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Sydney chef and founder of iconic fusion burger joint dies suddenly



Celebrated Sydney chef and founder of the successful Japanese fusion brand Ume Kerby Craig has died.

The 38-year-old had worked at Michelin star restaurants in the United Kingdom and Canada before returning home to dominate the local food scene.

"Words can barely express our grief," a message posted to Ume's social media pages said.

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"Kerby strived to live out his passions and worked tirelessly to make Ume what it is today, bringing joy and fun to people through good food.

"He was driven and free-spirited, pursuing his goals with a determination very few people possess."

Craig began his career in hospitality at just 15 after dropping out of school and worked at famed Japanese-Australian chef Tetsuya Wakuda's restaurant in Rozelle.

He spent time in London honing his craft and when he returned to Sydney he worked at as a Chef de partie at the now-closed Koi restaurant in Woolwich where he earned six consecutive hats.

In 2012 he opened fine-dining Japanese restaurant Ume in Surry Hills. This eventually morphed into a fusion burger joint which closed in 2021 after the lease expired.

Before its closure two Ume Burge spin-offs had opened in other parts of the city, with one at Barangaroo and another in nearby Darling Square.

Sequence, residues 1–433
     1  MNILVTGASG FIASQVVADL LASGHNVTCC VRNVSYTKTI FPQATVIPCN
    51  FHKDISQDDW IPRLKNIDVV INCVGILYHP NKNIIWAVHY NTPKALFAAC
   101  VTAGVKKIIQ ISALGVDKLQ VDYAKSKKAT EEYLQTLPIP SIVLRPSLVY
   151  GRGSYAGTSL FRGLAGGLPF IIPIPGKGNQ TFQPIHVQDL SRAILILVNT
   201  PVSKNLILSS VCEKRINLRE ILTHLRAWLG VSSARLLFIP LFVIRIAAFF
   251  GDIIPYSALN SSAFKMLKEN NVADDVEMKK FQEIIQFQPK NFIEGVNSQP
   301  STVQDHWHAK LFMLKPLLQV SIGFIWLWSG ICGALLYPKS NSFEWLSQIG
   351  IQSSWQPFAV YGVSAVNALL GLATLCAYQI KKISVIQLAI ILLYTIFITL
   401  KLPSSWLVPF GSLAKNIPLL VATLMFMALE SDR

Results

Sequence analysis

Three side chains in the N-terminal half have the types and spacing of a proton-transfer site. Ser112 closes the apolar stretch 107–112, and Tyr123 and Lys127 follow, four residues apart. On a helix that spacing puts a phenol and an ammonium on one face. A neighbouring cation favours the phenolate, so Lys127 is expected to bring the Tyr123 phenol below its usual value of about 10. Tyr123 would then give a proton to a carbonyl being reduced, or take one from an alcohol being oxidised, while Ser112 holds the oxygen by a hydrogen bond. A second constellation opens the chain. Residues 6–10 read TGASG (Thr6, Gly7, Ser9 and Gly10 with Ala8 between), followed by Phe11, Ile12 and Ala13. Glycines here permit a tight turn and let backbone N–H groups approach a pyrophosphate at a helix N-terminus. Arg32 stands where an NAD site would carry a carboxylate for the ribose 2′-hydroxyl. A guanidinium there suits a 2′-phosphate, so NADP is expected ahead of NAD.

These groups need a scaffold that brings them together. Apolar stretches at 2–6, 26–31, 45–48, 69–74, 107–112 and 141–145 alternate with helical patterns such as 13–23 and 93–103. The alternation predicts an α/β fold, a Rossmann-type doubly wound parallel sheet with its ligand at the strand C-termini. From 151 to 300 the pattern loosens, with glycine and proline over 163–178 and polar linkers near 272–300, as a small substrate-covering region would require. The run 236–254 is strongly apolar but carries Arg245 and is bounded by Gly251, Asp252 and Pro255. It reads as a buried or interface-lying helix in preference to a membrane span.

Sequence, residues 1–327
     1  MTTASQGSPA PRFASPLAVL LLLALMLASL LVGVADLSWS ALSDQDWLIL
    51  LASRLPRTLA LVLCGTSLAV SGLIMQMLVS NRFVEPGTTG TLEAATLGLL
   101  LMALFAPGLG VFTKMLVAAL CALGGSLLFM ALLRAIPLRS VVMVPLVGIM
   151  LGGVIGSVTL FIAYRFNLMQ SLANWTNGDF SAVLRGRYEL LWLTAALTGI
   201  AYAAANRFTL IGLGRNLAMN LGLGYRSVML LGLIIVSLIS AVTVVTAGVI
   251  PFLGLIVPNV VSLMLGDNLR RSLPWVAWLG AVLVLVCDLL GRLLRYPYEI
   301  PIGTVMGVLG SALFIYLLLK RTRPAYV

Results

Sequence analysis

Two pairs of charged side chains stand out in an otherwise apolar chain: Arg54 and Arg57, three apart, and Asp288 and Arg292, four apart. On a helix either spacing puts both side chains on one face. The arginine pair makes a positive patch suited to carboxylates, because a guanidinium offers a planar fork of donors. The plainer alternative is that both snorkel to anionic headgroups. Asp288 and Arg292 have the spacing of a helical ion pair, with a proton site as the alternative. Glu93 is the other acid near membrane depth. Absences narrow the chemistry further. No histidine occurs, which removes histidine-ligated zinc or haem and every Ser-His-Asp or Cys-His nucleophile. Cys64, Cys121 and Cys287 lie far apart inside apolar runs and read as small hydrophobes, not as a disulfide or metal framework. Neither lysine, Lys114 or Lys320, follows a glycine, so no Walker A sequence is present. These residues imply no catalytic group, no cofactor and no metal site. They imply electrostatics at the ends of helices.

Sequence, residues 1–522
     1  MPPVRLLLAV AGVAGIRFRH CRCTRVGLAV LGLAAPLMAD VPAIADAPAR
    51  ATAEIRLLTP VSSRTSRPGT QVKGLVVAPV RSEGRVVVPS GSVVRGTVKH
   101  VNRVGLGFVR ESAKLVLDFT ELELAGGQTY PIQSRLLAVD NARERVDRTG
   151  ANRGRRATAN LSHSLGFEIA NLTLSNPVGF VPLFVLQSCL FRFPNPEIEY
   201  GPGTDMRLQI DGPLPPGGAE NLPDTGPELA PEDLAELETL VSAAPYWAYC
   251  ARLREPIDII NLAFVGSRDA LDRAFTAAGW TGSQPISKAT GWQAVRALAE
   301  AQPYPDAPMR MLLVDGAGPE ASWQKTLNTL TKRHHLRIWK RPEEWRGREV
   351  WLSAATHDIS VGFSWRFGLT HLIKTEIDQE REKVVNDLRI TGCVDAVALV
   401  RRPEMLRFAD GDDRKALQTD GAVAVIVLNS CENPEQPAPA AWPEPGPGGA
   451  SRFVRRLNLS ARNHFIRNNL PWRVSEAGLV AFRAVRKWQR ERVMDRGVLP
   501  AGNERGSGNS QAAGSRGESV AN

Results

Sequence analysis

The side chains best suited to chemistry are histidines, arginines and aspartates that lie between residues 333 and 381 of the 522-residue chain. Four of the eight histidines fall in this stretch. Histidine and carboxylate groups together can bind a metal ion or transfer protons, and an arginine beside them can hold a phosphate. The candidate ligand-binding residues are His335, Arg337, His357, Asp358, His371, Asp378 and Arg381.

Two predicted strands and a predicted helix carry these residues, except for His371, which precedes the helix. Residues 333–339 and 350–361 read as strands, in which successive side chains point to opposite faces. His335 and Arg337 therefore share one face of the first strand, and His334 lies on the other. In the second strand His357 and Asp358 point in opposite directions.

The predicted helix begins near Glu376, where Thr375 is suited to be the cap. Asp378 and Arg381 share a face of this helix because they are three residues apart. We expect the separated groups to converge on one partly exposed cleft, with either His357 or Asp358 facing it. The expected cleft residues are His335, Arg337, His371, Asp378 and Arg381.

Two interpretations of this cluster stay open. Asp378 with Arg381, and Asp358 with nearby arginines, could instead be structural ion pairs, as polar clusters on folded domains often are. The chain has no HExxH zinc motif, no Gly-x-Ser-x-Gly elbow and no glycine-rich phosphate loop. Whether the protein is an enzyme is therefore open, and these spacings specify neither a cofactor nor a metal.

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"Kerby's devotion to cooking and business peaked through the creation of his pride and joy, Ume Burger," the tribute to the chef read.

"Through establishing Sydney's premier fast-casual Japanese burger restaurant, Kerby created a living legacy that tens of thousands of foodies have experienced and loved, and will continue to across two landmark venues with a future vision we hope to deliver on."

The Ume brand is approaching its ten year anniversary, and Craig recently told his team: "Ume is a success because of a team of people that have stuck by me. Success is not one person. That's why it's U plus Me".

"We extend our heartfelt thanks for your condolences. We express our gratitude to all who have supported Kerby in his journey and have supported his businesses. We respectfully request privacy at this difficult time. A proper tribute will be made in the coming weeks," the post said.

"The Ume restaurants will be open for business as usual, just as Kerby would have wanted.

"We are bereft. He was our everything. Our hearts are broken.

"Rest in Peace."

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